Omar Kilani, a Year Six pupil in Dubai, had long dreamt of sitting his GCSE maths exams before his 11th birthday.
Two days before the big day, Omar sat the exam, which is typically taken by 16 year olds in Year 11.
When the results were released on Thursday, Omar discovered he had scored an A*.
The feat was even more remarkable because he had been unable to attend a single in-person maths class at Dubai British School Jumeirah Park over the past two years due to Covid restrictions, but continued to study online and with the help of his teacher and his mother.
The Palestinian-Jordanian-American pupil is the youngest to have sat a GCSE maths exam at the school.
“I prepared for this exam for two years and it was very challenging not having in-person classes,” Omar told The National.
“It was my dream to sit my maths GCSE before I turned 11 … I wanted to challenge myself.
“I did not have any in-person classes so my teacher would assign me work and when I would need help, I would message her. Sometimes she would be busy and I would ask my mum for help.”
Due to a bubble system that was in place at the school during the Covid-19 pandemic, Omar could not attend classes in the secondary school while his maths teacher could not teach him in primary school.
And he was unable to sit the mock exam because he was in primary school and was not allowed to mix with secondary school pupils.
In addition, Omar did not have classmates to share his challenges with, instead discussing his workload with his mother.
The school did not have an accelerated learning programme but supported Omar with his dream to take his exam early. Omar would sit in a corner of his classroom while his Year 5 peers took their daily maths lesson, working on separate maths assignments.
“It was very hard to do it myself,” said Omar.
“I could not have in-person classes due to the coronavirus pandemic, so could not meet [classmates] or make friends.
“But, I got an eight, which is equal to an A*. I am happy and excited.
“I was at school when I saw my results and I was very excited and I hugged my mother and my teacher.”
Omar said he had hoped to get a nine but had missed the grade by five points. He said he may send his paper for a remark.
It was his first time sitting a public exam and he described the experience as nerve-racking.
“It was intimidating because everyone was older than me,” he said.
Inspired by his mother
Asked what kept him motivated, he said it was his mother and his determination to make his dream come true.
Omar plans to sit his GCSE physics exams two years early and wishes to do his maths A levels next year or the year after.
In the future, Omar said he wants to venture into entrepreneurship in the realm of maths and science.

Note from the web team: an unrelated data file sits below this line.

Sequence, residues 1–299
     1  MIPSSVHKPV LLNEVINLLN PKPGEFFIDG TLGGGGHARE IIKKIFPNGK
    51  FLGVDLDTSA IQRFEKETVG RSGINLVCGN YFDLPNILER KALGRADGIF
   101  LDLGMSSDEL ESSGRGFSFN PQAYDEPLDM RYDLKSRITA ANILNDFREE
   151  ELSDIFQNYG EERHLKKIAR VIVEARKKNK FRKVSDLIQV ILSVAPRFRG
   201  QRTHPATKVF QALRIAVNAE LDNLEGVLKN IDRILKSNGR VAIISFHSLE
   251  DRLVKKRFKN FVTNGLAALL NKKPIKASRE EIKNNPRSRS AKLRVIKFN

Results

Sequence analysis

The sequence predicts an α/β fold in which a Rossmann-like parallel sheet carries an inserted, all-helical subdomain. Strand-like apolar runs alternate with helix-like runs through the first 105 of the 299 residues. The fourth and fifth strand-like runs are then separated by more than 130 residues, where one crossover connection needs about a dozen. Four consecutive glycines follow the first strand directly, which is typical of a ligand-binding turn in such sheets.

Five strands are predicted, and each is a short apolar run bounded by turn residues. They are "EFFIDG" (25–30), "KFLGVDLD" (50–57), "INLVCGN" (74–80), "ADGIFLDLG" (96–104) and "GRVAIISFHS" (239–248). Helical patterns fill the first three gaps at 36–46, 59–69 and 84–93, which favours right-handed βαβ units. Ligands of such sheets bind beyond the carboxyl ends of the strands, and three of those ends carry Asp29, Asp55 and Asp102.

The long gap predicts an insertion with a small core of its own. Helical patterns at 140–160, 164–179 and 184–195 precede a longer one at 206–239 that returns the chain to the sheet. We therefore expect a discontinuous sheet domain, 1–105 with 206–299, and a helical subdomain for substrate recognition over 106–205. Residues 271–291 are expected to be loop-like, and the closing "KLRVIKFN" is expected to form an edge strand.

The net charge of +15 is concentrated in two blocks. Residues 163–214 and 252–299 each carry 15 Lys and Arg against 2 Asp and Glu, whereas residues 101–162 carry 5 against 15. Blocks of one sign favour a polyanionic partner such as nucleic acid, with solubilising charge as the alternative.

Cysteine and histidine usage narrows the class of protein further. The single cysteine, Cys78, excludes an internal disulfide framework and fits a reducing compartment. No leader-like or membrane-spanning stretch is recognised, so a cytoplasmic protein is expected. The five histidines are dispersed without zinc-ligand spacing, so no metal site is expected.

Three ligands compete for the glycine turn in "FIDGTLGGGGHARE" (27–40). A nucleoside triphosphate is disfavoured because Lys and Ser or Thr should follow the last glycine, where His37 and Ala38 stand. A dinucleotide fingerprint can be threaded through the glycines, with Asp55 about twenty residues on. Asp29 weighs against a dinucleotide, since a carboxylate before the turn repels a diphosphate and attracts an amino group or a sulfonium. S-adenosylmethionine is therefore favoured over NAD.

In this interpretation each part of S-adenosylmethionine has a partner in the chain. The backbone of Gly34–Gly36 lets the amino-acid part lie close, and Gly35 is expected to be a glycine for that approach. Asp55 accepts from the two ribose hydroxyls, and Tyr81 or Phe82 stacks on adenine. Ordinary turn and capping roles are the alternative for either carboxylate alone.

Rula Atallah, Omar’s mother and a former banker in the UAE, said his school supported his ambitions in the face of all odds.
“I am extremely proud of my son’s achievement and grateful to God. We are very happy; it’s an excellent grade,” said Ms Atallah.
“My son dreamt this dream when he was nine years old and he never attended any in-person classes. It was all online.
“His teacher would post a video and send him a question on his iPad and when he got stuck, he would either message his teacher or ask me”.
She often raced with Omar to complete a past exam paper to keep challenging him.
Gifted from a young age
Ms Atallah is also a maths whizz, who scored the highest grade in Jordan in A Level Pure and Mechanics Maths as a pupil in 1992.
She said Omar’s three older sisters — Yasmeen, Sereen and Noor — supported their younger brother with his dreams while his younger brother Mohammad was extremely proud of him.
Omar’s talent in maths was discovered by his Year One teacher, Ritu Vasandani, who started giving him extra exercises.
When he was in Year Four, his teacher Louise Kavanagh, head of the Gifted and Talented Team at the school at that time, and Melissa Skilles, head of Inclusion at that time, understood that Omar was getting bored and needed more challenging exercises.
They contacted his parents and put a plan together to help Omar excel. By the second term of Year Four, Omar was attending maths with pupils in Year Six.
“What made results day extra special was being greeted by Ms Falhi, head of primary, who attended specially to support Omar while opening his results envelope,” said Ms Atallah.
“The look of love and pride and the warm hugs from all the teachers made Omar feel much happier. He felt he was among his extended family that loved and supported him right from the beginning and will continue to support him.”